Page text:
Nuclear Missile Testing Galore

By December 22, 2006

(Updated January 3, 2007)

North Korea may have gotten all the attention, but all the nuclear weapon states were busy flight-testing ballistic missiles for their nuclear weapons during 2006. According to a preliminary count, eight countries launched more than 28 ballistic missiles of 23 types in 26 different events.

Unlike the failed North Korean Taepo Dong 2 launch, most other ballistic missile tests were successful. Russia and India also experienced missile failures, but the United States demonstrated a very reliable capability including the 117th consecutive successful launch of the Trident II D5 sea-launched ballistic missile.

The busy ballistic missile flight testing represents yet another double standard in international security, and suggests that initiatives are needed to limit not only proliferating countries from developing ballistic missiles but also find ways to curtail the programs of the existing nuclear powers.

The ballistic missile flight tests involved weapons ranging from 10-warhead intercontinental ballistic missiles down to single-warhead short-range ballistic missiles. Most of the flight tests, however, involved long-range ballistic missiles and the United States, Russia and France also launched sea-launched ballistic missiles (see table below).

Ballistic Missile Tests
2006*

Date Missile Remarks
China
5 Sep 1 DF-31
ICBM
From Wuzhai, impact in Takla Makan Desert.
France
9 Nov 1 M51 SLBM From
Biscarosse (CELM facility), impact in South Atlantic.
India
13 Jun 1 Prithvi
I SRBM
From
Chandipur, impact in Indian Ocean.
9 Jul 1 Agni III
IRBM
From
Chandipur. Failed.
20 Nov 1 Prithvi
I SRBM
From
Chandipur, impact in Indian Ocean.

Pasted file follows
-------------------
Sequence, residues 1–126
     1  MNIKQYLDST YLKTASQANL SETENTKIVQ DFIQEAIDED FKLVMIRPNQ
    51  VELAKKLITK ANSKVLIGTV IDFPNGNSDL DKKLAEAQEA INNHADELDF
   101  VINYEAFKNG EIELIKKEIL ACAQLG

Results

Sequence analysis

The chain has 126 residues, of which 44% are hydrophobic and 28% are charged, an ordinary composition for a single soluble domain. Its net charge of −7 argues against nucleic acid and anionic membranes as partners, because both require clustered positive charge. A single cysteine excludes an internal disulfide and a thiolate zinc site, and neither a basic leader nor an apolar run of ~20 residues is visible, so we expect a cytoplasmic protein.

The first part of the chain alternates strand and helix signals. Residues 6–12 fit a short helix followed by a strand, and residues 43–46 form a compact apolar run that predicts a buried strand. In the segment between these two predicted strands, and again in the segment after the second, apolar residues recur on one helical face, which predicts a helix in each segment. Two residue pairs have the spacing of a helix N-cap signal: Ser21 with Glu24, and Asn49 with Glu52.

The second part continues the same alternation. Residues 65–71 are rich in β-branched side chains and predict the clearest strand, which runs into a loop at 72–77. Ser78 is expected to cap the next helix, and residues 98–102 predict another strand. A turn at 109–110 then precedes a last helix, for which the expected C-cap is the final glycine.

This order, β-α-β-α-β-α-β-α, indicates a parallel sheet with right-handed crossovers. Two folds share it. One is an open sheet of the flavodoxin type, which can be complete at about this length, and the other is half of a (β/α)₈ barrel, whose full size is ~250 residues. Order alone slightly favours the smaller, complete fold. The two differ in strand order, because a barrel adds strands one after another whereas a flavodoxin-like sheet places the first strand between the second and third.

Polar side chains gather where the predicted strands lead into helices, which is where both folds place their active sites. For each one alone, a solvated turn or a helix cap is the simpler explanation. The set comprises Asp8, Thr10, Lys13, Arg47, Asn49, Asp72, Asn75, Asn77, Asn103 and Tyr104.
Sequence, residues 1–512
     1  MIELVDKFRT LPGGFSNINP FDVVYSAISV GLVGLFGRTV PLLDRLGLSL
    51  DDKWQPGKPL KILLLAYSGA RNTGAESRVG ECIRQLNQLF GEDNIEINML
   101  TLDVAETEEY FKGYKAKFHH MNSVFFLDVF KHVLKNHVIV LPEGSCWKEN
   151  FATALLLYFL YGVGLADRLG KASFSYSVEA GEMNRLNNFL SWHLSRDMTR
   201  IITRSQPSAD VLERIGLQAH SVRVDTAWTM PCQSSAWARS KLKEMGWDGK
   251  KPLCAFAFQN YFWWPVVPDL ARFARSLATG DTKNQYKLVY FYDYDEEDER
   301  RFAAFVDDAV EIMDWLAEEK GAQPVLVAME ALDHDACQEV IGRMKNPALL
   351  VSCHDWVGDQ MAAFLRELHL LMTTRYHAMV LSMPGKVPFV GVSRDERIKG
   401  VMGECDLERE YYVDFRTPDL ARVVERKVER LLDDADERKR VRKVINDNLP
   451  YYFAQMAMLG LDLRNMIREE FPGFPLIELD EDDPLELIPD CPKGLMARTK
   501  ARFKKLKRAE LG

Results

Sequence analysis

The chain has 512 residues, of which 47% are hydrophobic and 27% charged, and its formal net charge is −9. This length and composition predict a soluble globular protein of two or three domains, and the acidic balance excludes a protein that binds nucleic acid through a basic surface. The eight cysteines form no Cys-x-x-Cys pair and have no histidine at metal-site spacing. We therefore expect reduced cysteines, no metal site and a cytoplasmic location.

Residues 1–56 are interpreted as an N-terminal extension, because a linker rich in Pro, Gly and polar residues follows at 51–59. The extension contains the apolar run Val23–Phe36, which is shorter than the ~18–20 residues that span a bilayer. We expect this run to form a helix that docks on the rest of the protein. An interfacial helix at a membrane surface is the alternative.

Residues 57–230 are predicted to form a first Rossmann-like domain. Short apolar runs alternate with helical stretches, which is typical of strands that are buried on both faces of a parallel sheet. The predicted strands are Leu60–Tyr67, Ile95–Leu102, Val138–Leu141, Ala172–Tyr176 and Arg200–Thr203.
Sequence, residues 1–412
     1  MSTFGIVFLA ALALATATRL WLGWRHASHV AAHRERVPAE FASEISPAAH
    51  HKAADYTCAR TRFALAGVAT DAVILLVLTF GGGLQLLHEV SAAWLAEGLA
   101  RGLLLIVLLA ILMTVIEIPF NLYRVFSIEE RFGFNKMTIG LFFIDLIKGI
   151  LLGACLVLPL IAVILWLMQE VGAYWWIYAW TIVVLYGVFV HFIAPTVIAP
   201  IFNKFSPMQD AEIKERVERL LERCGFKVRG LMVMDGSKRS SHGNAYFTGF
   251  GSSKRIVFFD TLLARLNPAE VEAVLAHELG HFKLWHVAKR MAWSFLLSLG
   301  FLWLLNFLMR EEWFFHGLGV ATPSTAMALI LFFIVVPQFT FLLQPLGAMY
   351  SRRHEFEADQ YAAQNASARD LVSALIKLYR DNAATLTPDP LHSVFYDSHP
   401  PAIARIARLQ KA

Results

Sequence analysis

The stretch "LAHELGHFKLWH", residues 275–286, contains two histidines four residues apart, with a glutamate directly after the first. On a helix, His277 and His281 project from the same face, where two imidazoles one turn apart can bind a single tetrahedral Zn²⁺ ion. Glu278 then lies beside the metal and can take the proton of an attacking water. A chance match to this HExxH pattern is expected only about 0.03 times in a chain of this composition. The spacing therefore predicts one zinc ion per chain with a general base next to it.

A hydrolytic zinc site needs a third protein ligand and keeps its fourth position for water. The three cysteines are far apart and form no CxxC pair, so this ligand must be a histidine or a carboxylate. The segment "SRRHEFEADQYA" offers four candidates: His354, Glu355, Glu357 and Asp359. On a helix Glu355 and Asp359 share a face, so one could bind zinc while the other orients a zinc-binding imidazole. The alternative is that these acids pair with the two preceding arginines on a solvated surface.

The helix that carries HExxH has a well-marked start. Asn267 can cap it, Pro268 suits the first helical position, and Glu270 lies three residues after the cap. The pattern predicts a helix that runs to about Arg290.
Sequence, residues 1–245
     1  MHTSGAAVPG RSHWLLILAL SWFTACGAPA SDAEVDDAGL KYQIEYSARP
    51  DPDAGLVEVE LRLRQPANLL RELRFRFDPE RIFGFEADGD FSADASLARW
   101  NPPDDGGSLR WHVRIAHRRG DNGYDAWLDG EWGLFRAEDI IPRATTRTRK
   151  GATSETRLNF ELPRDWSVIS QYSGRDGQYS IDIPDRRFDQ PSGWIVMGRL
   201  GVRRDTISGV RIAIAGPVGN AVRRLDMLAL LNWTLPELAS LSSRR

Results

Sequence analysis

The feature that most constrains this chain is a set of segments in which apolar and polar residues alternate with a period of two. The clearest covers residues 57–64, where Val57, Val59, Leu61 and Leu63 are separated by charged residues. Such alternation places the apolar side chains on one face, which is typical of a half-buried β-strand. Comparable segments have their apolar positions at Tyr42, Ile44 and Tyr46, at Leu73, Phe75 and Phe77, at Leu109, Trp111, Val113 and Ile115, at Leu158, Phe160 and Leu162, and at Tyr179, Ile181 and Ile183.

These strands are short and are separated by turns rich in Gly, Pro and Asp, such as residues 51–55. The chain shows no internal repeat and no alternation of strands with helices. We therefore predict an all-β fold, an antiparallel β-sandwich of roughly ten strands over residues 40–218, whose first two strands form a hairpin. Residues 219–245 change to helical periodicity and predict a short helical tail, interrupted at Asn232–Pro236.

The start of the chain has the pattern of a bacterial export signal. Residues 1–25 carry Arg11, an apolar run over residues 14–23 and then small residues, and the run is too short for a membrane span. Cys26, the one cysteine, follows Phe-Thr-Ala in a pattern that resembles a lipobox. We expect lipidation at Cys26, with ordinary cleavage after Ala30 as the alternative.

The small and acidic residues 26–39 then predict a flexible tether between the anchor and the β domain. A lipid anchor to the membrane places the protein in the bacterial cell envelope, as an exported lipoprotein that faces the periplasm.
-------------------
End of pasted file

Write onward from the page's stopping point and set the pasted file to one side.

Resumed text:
Iran**
23 May 1 Shahab
3D MRBM
From
Emamshahr.
3 Nov 1 Shahab 3
MRBM, as well as “dozens” of Shahab 2, Scud B and other SRBMs
Part of
the Great Prophet 2 exercise.
North Korea***
4 Jul 1 Taepo
Dong 2 ICBM and 6 Scud C and Rodong SRBMs
From
Musudan-ri near Kalmo. ICBM failed.
Pakistan
16 Nov 1 Ghauri
MRBM
From Tilla?
29 Nov 1 Hatf-4 (Shaheen-I)
SRBM
Part of
Strategic Missile Group exercise.
9 Dec 1 Haft-3 (Ghaznavi)
SRBM
Part of
Strategic Missile Group exercise.
Russia
28 Jul 1 SS-18 ICBM Attempt to launch satellite, but technically an SS-18 flight test (see comments below).
3 Aug 1 Topol
(SS-25) ICBM
From
Plesetsk, impact on Kura range.
7 Sep 1 Bulava
SLBM
From
Dmitry Donskoy (Typhoon) in White Sea. Failed.
9 Sep 1 SS-N-23
SLBM
From K-84
(Delta IV) at North Pole, impact on Kizha range.
10 Sep 1 SS-N-18
SLBM
From Delta
III in Pacific, impact on Kizha range.
25 Oct 1 Bulava
SLBM
From
Dmitry Donskoy (Typhoon) in White Sea. Failed.
9 Nov 1 SS-19
ICBM
From Silo
in Baykonur, impact on Kura range.
21 Dec 1 SS-18
ICBM
From
Orenburg, impact on Kura range.
24 Dec 1 Bulava
SLBM
From
White Sea. Third stage failed.
United States
16 Feb 1
Minuteman III ICBM
From
Vandenberg AFB, impact Kwajalein. Final W87/Mk-21 SERV test flight.
Mar/Apr 2 Trident
II D5 SLBMs
From SSBN.
4 Apr 1
Minuteman III ICBM
From
Vandenberg AFB, impact near Guam. Extended-range, single-warhead
flight test.
14 Jun 1
Minuteman III ICBM
From
Vandenberg AFB, impact Kwajalein. Three-warhead payload.
20 Jul 1
Minuteman III ICBM
From
Vandenberg AFB, impact Kwajalein. Three-warhead flight test.
Launched by E-6B TACAMO airborne command post.